I suspect in an environment without such an age range of materials and without so much time alone the progress would not have been as rapid (though it still would have been out of step with most age peers). I won't say that is all a good thing though because allowing that self driven focus made it all the more difficult to find a school fit in kindergarten.

Taia said...

I think the farther a child is from the norm, the less well childcare can meet his/her needs. The books, toys and activities will be suited to the average child and children with needs at either end of the spectrum will get ignored in the bustle.

My eight month old started childcare 3 afternoons/week at 6 months. He does OK, but I won't pretend he gets much care beyond feeding and diaper changes- and he is the only baby with an experienced (25 years) provider. I hope that the other children and the beautiful facilities provide some compensation. And at some point, children should learn to entertain themselves, in my view. Until 4 months, though, he was too fussy to be in childcare because he cried much of the time at home.

Each child is different and moms who can afford it work or don't work depending in part on whether their children can adjust to childcare.

Part-time childcare is very difficult to find and almost as expensive as full-time ($800 vs. $600/month in a center in my area)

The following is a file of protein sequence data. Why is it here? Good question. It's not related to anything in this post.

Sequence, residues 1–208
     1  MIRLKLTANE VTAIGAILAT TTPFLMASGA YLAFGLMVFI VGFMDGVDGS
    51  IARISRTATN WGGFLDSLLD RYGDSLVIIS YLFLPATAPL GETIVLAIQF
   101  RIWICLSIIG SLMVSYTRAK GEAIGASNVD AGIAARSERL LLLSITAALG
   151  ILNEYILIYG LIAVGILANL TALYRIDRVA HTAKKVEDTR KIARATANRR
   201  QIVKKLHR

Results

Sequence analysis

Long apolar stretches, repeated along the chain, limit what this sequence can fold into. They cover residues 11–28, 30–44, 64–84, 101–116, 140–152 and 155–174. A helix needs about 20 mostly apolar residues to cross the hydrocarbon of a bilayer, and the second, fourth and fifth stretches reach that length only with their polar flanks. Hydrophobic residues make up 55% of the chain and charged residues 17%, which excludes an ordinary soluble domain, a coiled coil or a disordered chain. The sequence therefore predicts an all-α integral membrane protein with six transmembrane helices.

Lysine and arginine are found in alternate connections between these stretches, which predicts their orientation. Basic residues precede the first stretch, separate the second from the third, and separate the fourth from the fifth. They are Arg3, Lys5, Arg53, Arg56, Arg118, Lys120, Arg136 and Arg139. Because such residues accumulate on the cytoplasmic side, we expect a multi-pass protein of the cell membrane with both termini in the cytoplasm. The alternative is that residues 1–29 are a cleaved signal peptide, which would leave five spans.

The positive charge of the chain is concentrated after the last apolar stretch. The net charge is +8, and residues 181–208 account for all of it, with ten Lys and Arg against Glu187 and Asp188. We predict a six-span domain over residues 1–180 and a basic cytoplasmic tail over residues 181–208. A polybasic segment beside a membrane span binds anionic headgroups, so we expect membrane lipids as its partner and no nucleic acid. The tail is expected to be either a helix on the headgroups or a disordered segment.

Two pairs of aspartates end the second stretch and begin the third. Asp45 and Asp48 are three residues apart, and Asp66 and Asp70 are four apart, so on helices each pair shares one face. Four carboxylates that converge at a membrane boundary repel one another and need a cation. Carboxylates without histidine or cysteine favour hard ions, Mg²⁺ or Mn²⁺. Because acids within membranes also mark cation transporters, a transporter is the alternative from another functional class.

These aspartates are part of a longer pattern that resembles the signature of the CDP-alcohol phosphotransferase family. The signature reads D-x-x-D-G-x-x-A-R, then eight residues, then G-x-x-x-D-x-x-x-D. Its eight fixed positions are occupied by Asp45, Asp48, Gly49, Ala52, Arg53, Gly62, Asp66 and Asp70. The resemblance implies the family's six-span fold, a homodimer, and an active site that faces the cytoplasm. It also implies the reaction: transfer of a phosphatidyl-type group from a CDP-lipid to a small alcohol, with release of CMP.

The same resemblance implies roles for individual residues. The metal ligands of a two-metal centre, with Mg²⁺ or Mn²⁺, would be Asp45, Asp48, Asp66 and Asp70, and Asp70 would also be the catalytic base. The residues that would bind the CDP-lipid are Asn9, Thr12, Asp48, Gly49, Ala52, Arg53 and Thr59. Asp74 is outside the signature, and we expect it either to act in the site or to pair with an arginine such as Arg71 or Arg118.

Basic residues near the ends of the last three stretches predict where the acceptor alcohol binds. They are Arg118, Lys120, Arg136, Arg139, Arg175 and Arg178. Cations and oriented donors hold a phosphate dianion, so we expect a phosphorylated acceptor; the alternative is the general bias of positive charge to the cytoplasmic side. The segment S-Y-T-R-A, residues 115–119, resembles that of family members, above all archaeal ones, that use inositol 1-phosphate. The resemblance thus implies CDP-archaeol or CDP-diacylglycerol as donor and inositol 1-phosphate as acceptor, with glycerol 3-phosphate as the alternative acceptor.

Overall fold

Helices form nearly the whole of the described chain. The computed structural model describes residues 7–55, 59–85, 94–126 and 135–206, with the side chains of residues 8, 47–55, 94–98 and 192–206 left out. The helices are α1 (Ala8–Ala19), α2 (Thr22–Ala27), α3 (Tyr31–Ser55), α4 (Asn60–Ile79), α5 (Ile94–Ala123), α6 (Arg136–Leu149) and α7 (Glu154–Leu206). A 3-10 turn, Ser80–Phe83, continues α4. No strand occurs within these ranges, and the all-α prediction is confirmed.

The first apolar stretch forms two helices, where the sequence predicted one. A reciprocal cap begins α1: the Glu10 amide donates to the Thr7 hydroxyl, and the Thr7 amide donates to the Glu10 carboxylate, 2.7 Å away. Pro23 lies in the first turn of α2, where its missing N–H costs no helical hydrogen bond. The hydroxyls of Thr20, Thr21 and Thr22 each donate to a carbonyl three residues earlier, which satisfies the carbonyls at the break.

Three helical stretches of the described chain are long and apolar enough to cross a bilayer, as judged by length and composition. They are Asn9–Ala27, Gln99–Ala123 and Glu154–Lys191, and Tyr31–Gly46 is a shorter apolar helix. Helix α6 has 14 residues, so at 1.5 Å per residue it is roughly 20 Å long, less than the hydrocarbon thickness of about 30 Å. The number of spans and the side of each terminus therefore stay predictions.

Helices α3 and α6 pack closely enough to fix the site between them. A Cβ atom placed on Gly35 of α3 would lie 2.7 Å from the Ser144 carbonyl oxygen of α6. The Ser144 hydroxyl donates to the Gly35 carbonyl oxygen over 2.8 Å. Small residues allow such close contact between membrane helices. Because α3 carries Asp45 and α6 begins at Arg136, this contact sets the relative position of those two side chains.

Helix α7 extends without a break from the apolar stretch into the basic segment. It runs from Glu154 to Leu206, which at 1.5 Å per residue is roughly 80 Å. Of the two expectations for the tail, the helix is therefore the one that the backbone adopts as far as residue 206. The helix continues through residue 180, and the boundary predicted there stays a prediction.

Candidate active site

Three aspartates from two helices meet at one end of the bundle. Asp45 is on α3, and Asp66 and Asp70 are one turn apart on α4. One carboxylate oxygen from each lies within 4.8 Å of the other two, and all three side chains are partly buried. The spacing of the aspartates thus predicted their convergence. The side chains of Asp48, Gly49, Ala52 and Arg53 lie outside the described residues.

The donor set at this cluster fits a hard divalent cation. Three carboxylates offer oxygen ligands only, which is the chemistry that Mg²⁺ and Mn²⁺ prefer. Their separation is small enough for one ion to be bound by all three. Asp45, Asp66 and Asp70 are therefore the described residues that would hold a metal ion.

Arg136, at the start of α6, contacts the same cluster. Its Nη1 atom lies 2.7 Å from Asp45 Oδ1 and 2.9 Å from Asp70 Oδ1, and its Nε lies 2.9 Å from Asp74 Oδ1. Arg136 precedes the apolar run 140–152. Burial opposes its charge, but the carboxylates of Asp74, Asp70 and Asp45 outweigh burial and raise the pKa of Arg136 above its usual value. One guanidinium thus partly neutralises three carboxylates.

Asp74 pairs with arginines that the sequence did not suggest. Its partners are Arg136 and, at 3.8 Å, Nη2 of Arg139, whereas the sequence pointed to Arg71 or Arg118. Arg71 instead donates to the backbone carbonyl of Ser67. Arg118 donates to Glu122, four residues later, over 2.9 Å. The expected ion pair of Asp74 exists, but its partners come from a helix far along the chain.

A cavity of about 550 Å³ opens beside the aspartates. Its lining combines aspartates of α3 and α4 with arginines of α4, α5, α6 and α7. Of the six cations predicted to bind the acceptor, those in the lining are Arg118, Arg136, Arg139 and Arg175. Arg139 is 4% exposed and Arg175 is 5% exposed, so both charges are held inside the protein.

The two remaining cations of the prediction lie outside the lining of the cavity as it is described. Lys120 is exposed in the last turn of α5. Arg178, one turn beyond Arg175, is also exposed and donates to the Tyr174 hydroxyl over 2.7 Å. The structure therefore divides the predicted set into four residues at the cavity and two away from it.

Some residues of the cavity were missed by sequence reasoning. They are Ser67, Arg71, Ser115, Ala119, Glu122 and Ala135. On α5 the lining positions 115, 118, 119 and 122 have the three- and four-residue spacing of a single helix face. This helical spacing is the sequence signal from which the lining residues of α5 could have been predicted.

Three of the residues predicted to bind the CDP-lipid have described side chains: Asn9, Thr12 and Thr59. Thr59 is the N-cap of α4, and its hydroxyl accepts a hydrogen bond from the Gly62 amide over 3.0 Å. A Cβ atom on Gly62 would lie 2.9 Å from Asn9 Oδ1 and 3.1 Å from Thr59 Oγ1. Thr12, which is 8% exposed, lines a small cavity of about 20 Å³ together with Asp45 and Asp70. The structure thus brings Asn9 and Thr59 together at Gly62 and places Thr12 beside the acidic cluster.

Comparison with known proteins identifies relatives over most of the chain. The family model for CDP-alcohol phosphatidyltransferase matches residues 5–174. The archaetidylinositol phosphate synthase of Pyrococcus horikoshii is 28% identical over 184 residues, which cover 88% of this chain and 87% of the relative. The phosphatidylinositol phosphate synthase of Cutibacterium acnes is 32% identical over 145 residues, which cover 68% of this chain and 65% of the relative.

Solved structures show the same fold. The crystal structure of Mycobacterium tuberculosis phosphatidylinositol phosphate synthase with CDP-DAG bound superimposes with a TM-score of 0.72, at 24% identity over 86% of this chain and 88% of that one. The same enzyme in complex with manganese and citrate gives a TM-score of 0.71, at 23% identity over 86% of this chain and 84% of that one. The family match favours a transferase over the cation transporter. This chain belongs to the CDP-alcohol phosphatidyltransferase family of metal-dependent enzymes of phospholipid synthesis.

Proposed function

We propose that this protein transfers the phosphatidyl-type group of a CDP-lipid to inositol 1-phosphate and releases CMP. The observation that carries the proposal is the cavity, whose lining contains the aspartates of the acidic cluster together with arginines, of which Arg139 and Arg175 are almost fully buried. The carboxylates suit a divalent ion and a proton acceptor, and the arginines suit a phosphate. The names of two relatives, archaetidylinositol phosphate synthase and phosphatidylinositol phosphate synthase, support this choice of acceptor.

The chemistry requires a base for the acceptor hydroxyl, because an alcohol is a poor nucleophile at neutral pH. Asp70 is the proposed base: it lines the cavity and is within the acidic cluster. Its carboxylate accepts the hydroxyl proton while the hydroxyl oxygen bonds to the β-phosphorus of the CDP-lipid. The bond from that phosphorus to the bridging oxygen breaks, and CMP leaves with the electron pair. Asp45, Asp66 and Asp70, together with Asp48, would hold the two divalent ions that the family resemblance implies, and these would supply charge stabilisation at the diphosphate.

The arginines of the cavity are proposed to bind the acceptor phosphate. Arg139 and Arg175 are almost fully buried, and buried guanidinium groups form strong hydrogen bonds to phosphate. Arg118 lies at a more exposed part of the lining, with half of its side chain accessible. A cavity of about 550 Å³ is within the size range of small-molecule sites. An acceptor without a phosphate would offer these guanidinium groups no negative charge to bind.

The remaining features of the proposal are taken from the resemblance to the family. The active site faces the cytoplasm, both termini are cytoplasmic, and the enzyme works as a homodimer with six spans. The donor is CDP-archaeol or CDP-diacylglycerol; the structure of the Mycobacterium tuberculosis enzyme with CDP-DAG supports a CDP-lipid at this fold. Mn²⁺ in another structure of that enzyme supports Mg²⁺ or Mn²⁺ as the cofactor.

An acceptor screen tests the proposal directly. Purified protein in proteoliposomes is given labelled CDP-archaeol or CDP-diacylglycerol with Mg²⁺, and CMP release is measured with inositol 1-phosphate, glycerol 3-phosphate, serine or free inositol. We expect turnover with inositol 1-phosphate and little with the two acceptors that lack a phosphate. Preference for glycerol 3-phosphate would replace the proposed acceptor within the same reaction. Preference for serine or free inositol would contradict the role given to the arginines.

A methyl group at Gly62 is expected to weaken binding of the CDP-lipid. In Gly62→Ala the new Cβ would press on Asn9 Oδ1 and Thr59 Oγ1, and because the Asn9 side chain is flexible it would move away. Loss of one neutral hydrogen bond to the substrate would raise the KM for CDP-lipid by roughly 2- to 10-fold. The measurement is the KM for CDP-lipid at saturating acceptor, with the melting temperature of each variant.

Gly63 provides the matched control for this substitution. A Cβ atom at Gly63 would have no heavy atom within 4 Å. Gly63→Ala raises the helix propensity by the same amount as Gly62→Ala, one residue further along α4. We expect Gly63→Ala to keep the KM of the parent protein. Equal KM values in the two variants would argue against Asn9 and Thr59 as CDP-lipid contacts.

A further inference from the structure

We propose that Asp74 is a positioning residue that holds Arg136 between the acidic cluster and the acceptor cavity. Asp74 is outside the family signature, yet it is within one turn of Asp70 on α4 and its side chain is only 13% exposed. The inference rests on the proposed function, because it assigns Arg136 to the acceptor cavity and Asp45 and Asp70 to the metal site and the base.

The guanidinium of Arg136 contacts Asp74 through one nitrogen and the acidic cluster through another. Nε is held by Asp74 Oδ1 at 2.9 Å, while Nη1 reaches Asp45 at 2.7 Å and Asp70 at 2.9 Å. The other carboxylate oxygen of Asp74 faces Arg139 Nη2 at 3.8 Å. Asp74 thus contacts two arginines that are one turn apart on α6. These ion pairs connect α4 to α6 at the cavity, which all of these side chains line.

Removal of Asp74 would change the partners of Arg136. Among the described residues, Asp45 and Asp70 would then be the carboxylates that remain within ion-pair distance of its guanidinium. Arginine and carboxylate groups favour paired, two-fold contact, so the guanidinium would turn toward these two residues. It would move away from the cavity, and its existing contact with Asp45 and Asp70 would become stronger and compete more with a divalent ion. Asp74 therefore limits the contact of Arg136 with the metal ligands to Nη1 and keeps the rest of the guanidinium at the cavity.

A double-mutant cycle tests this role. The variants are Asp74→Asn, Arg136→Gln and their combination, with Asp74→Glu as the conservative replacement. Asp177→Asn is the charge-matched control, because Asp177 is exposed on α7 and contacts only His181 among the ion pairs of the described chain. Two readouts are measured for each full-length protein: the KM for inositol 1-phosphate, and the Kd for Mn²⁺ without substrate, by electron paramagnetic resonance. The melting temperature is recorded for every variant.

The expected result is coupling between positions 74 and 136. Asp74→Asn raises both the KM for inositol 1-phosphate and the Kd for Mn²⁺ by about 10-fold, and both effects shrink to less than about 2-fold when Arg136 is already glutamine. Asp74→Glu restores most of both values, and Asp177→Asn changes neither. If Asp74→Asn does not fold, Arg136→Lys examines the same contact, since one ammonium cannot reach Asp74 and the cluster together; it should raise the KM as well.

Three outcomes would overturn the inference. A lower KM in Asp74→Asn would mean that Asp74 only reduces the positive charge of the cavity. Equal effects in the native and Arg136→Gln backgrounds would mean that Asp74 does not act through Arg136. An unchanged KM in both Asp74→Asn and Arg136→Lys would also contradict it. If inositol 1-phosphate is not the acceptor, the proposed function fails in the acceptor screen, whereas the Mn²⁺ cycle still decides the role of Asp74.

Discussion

The Princess Mom said...

My oldest (and most gifted) was in childcare pretty much full-time from five weeks old until age 4. After 4, he was in half-day and later full-day preschool. Both the daycare and preschool were Montessori-based. All of it was better than what awaited him in the public school kindergarten.

The other two were home with Mom or Grandmother until they were old enough for preschool. I did my best but was completely overwhelmed with the two of them (13 months apart). That's part of the reason Klaus (the oldest) went to preschool, he wasn't getting much academic stimulation (other than Blue's Clues) at home.

I don't think there is any point in beating yourself up about daycare vs. stay-at-home. If you're doing something you hate--be that working or staying home--you should stop it. Even gifted kids need a happy family more than they need expensive educational toys or piles of books.